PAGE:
Construction industry leaders have rounded on a House of Lords committee that found there was little evidence that immigration had benefited the UK
Speaking at Building’s inaugural Business Leaders Forum in London, Murray Coleman, chief executive of Bovis Lend Lease, said he greeted the findings of the House of Lords’ economic affairs committee with “disbelief”.
He said: “To conclude that immigration has a neutral effect on UK industry – which includes construction – is something I struggle to understand. The real risk is that we will discourage the unskilled people that we need to enter the UK industry.”
The government maintains that immigration contributes an estimated £6bn each year to the UK economy.
Elsewhere in his speech, Coleman predicted that the recent flurry of mergers and acquisitions would “continue over the next 24 months, particularly if the credit crunch continues”.
Pascal Minault, chair of Bouygues UK, agreed and said the UK contracting market would follow the French trend and consolidate into handful of huge players. France is dominated by three large companies – Vinci, Bouygues and Eiffage – which turn over £17.8bn, £13.1bn and £8.7bn respectively.
Minault said: “Below the big three you have companies with turnovers of about *1bn (£788m) but there’s no room for national mid-sized contractors. In the regions you have local champions that survive because owners don’t want to sell up.”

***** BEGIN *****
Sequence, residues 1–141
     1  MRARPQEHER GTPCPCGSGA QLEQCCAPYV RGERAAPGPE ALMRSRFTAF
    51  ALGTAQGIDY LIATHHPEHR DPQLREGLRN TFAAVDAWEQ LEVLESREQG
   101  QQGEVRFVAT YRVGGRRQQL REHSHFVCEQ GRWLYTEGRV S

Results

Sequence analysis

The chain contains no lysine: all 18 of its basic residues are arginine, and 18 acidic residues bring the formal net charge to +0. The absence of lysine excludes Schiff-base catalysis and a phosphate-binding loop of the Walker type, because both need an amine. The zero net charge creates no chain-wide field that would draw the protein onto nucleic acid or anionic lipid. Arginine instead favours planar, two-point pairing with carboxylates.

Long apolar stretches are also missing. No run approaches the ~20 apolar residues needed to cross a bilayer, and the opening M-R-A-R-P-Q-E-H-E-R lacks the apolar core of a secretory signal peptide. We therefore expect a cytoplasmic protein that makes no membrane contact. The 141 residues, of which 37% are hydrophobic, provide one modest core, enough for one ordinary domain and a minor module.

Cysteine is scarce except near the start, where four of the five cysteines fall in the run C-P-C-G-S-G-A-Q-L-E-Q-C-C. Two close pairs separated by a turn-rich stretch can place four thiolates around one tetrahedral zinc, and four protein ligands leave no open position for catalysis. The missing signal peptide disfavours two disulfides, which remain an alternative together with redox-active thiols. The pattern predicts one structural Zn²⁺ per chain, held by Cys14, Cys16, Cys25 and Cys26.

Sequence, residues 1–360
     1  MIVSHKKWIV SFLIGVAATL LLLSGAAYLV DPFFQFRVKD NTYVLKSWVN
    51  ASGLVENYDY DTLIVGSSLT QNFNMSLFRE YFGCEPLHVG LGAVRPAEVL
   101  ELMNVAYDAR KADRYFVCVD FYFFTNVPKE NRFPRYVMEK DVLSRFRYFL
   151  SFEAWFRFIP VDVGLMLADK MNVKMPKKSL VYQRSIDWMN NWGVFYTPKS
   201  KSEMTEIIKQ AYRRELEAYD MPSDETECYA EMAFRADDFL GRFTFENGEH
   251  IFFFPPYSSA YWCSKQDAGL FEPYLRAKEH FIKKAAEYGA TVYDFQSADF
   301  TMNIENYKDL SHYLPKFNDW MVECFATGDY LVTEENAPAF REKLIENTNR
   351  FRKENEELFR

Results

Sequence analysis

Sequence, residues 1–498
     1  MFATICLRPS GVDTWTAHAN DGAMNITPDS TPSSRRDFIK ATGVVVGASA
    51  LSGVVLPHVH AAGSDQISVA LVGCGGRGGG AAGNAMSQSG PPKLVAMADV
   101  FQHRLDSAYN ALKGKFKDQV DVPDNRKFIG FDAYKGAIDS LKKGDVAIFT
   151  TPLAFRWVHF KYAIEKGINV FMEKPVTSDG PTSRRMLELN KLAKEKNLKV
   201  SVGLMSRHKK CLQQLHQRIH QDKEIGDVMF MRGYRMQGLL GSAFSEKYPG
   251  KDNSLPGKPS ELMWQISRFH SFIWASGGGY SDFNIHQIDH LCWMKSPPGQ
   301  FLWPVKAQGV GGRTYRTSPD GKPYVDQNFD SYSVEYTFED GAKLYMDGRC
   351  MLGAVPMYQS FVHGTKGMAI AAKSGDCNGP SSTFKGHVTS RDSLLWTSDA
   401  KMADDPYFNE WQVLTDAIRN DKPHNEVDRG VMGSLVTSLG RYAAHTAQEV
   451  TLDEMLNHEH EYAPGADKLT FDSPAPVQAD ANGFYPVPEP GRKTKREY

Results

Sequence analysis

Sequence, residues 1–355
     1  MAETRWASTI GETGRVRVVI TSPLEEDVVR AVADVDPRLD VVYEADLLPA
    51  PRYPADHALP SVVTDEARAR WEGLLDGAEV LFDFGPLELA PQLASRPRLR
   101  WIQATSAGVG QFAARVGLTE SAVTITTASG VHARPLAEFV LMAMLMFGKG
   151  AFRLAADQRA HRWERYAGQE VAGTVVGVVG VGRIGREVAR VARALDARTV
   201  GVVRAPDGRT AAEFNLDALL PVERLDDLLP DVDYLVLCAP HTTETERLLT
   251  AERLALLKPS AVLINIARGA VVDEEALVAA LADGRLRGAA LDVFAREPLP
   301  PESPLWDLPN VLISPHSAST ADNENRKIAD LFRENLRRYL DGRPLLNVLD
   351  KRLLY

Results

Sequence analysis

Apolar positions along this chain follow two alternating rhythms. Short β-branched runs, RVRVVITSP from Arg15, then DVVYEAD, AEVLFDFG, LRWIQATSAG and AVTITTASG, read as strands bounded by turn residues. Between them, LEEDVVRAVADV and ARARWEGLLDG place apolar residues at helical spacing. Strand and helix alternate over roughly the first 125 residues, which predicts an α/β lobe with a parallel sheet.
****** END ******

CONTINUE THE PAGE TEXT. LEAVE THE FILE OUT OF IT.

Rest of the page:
Also at the forum, former MP Michael Portillo sounded a warning note about the progress of high-profile public projects during the current downturn.
He said it was inevitable that major infrastructure projects, including Crossrail, would be delayed because the government current borrowing of £40bn could not be extended.
Francis Ives, chairman of Cyril Sweett, which has made three acquisitions in the past two weeks, was cautious about the involvement of private equity cash in the industry.
He said the company had considered raising money through private equity as an alternative to flotation on the stock exchange last year. “Private equity is like a big black bear. As long as you feed it, it’s okay. If not, it will eat you.”